Mark Tatge: I wouldn’t buy this stock. The margins are razor thin, and it’s too late in the economic cycle. Look what’s happened to the other shippers. They’re under pressure right now, and as the economy softens, you’re going to have a hard time here.

Mike Ozanian: The economy is stronger than people think. Oil is going up to $80 a barrel by the end of the year. I like Hess, it’s an integrated oil company.

Rich Karlgaard: Hess is a great pick if you think oil is going up. If you think oil is going down, don’t buy.

Bulls & Bears | Cavuto on Business | Forbes on FOX | Cashin' In

Cashin' In

Our “Cashin’ In” crew this week: Wayne Rogers, Wayne Rogers and Company; Jonathan Hoenig, Capitalistpig Asset Management; Jonas Max Ferris, MAXfunds.com; Gary Kaltbaum, Kaltbaum & Associates; Meredith Whitney, CIBC World Markets, and Mike Norman, BizRadio Network.

Cashin’ In: Wiretapping Ruling: A Danger to our Safety and Stocks?

The lesson learned from the busted terror plot in London? Spying works when fighting terrorists. But on Thursday (8-17-06) a judge appointed by Jimmy Carter ruled that the Bush administration's wiretapping program is unconstitutional. The program stays in effect during appeals. But are rulings like that a threat to our safety and stock market? Are rulings like this big roadblocks in fighting terror?

Gary Kaltbaum, Kaltbaum & Associates: Dagen, I got to tell you, it feels like I’m watching “One Flew Over The Cuckoo’s Nest”. This is just freaking nuts. I don't think this judge has read a paper if two weeks. You have 25 terrorists trying to blow up 10 airplanes. I believe in erring on the side of caution when it comes to terror. And if it takes some wiretaps to try to get the bad guys more to it, let's do it.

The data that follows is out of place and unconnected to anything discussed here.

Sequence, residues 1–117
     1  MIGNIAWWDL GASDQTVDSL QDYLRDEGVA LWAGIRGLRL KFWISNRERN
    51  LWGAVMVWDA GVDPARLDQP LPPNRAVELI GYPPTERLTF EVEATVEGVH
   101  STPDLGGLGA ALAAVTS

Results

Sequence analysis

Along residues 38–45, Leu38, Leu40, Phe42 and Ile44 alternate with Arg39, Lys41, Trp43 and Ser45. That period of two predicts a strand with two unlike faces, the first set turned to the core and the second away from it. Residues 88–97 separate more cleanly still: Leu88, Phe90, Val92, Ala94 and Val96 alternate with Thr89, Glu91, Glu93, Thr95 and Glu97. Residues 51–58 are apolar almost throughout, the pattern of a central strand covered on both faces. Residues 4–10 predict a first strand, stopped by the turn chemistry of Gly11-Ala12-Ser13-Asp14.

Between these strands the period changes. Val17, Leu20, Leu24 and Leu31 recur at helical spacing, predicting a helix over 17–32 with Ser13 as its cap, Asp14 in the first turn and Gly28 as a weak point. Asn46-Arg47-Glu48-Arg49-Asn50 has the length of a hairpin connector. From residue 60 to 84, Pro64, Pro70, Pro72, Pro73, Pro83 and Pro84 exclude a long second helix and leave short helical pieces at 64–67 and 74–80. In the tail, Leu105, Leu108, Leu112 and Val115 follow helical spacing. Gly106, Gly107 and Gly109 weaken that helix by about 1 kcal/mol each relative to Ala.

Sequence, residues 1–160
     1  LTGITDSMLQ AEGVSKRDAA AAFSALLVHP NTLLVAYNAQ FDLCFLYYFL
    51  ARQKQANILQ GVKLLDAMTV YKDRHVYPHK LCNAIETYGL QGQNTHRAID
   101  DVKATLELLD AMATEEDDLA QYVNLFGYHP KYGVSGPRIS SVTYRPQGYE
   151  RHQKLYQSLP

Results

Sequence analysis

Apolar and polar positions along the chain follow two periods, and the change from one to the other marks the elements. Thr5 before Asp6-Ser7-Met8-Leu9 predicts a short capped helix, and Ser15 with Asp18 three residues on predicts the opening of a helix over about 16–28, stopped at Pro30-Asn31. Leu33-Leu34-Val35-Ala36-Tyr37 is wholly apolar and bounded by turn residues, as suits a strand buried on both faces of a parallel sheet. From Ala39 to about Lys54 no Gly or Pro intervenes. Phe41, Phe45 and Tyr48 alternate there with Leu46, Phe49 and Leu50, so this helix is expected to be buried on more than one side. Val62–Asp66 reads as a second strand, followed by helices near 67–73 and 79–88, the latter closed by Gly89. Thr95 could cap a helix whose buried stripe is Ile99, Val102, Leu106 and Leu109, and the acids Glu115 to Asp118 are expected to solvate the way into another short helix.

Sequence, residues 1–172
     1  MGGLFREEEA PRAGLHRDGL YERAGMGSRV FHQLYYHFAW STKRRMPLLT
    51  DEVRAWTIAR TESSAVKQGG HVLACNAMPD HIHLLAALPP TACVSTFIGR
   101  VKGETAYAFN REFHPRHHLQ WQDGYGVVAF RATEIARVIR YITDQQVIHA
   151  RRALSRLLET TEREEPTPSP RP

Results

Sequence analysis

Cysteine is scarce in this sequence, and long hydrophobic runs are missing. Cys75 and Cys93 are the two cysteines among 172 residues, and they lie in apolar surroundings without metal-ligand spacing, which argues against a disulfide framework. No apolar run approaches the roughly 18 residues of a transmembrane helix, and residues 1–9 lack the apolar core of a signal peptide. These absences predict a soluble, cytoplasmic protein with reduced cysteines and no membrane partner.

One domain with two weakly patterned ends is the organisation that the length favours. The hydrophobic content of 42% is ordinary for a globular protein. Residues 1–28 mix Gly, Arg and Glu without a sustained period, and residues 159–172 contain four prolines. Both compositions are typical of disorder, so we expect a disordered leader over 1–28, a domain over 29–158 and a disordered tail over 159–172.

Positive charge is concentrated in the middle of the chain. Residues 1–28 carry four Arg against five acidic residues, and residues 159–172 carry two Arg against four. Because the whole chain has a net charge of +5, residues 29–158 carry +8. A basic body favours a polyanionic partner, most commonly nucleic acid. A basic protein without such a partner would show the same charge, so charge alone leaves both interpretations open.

Dagen McDowell: No terror attacks on the U.S. Since 9/11, what do you say?

Wayne Rogers, Wayne Rogers & Company: Well, the judge is trying to uphold the law, if that's what the law says. By the way, all you have to do is go to a judge to get the wiretap. So I think you can go to the judge and say, ‘this is the wiretap, I’m going to do this.’ There is always going to be the argument between freedom and security. And there is going to be a balance there that you have to strike. If you are going to say ‘hey, we can do this’, the federal government, I mean, if you trust the federal government, might say ‘hey, we are going to lock you up and find out later.’ They will suspend habeas corpus, you know. I don't believe in this.

Dagen McDowell: The legality is still up in the air. Do rulings like this hurt the war on terror?

Jonathan Hoenig, Capitalistpig Asset Management: I don't think they do. We live in a nation of checks and balances. Justice and law prevail and if the executive branch wants to take a step that they think will protect us, and the judicial branch overrules it, I respect the rule of law. I just don't think that surveillance is going to ultimately protect us. We know who the enemy is; we know that the governments of Iran and Syria are supporting terrorism. So why are we spending all this time listening to Wayne’s phone calls and shaking down granny at the airport. That is ultimately going to do nothing.